You look at England. It has done nothing to change, but a Lord’s Test match, or for that matter, every single Test match in England (is still packed). It’s traditional stuff for families to go and watch Test cricket. I was speaking to a guy one day and you know, he was with his son. He said, this is the same thing that his dad did 30 years ago. I think they have created that love and respect for the game in England and also in Australia in terms of a Boxing Day Test, or even any Ashes series, that’s played there.
First of all, that has to come back. You can try to test the game how many ways you want, it’s still a five-day game. They want to change it to four days, it’s still going to be a four-day game. It’s still gonna be long. I think you’ve got to get the people interested, you got to get the kids interested and understanding that vision of the game. Why would I at 50, still love Test cricket? No disrespect to the T20s or the 50-over-game, but a good Test hundred or a great Test spell from any bowler is something to marvel about.
So, you have to get back to the youngsters and make sure that they understand and appreciate that form of the game for them to continue liking it and wanting to see it.
So, would you say that in every bilateral series, there should at least be a couple of Tests if not more?
A couple of Test matches isn’t going to increase the love for the game. It’s simple. Growing up, we wanted to be Test cricketers, and a kid growing up now, wants to be a T20 cricketer. Why? Because T20 is marketed in such a way for kids to want to be T20 cricketers. They don’t want to be anything else. So, the marketing of the sport to children from very early ages is important. And if we are not doing that, it doesn’t matter how many Test series you have. Test cricket in the Caribbean has lost its spunk many, many years ago. Nobody is actually going to watch it and even in a place like India, you would know the difference between India playing a Test match and India playing a T20 game. So, it’s going to be hard work, but I just hope that they can stick around.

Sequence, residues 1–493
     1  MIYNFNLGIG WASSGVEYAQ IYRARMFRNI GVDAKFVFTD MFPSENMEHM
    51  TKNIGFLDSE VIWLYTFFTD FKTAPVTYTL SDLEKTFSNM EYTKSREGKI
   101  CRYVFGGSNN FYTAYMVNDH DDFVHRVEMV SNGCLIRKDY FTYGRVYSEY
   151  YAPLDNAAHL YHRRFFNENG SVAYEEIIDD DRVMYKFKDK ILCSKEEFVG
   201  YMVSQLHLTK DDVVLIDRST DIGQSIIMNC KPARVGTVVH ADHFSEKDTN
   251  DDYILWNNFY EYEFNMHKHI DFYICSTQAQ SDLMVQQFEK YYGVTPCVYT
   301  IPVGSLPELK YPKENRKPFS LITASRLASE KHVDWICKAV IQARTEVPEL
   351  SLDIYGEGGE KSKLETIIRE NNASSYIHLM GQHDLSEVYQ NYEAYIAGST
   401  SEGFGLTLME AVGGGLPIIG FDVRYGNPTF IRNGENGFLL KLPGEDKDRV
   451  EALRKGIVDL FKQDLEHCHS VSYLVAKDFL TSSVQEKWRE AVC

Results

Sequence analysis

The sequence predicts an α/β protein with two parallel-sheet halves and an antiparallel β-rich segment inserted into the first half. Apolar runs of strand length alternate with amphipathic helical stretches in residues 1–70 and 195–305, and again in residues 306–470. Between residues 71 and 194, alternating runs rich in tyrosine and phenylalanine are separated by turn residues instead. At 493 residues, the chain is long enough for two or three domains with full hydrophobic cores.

You spoke about K. L. Rahul. What is special in him that attracts you?
He’s just class. I mean, when you are watching a player, you want to see him play, you want to see great technique, a good aggressive spirit as well. He is a great entertainer, he’s a great person to watch. It is as simple as that. He’s no better batsman than Virat Kohli. Virat is the best batsman in the world, but it’s just the preference of who I like to see bat. No disrespect to anybody else.
Rahul was not part of India’s Test squad against New Zealand. Do you think that he should be given more opportunities in the longer format of the game?
I am not involved in Indian cricket. I just know that with his technique and the way I see him bat, he should not have a problem being in any team. So I don’t know if it’s the lack of scores or whatever the case may be... that might be his problem, which he has to work out. I don’t think anybody should be given too much of a chance because they look good. He’s got the ability to play all forms of the game and to secure his place. He should be one of the first names after Virat Kohli in any Indian team. And (for that to happen), he’s in charge of that, not the selectors, not any favours or anything. He’s in charge of his own destiny.